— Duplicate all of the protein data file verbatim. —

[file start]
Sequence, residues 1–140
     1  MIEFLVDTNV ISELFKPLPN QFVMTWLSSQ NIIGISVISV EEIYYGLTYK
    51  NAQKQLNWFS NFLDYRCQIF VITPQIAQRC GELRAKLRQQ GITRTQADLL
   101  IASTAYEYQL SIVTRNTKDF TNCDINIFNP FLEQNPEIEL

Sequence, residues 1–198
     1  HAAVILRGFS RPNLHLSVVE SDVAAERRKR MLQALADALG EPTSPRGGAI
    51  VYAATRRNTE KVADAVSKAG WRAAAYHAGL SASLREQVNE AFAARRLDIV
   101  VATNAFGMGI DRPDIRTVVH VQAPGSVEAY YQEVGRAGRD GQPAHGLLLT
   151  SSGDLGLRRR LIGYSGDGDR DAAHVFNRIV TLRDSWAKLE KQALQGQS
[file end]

Sequence, residues 1–140
     1  MIEFLVDTNV ISELFKPLPN QFVMTWLSSQ NIIGISVISV EEIYYGLTYK
    51  NAQKQLNWFS NFLDYRCQIF VITPQIAQRC GELRAKLRQQ GITRTQADLL
   101  IASTAYEYQL SIVTRNTKDF TNCDINIFNP FLEQNPEIEL

Sequence, residues 1–198
     1  HAAVILRGFS RPNLHLSVVE SDVAAERRKR MLQALADALG EPTSPRGGAI
    51  VYAATRRNTE KVADAVSKAG WRAAAYHAGL SASLREQVNE AFAARRLDIV
   101  VATNAFGMGI DRPDIRTVVH VQAPGSVEAY YQEVGRAGRD GQPAHGLLLT
   151  SSGDLGLRRR LIGYSGDGDR DAAHVFNRIV TLRDSWAKLE KQALQGQS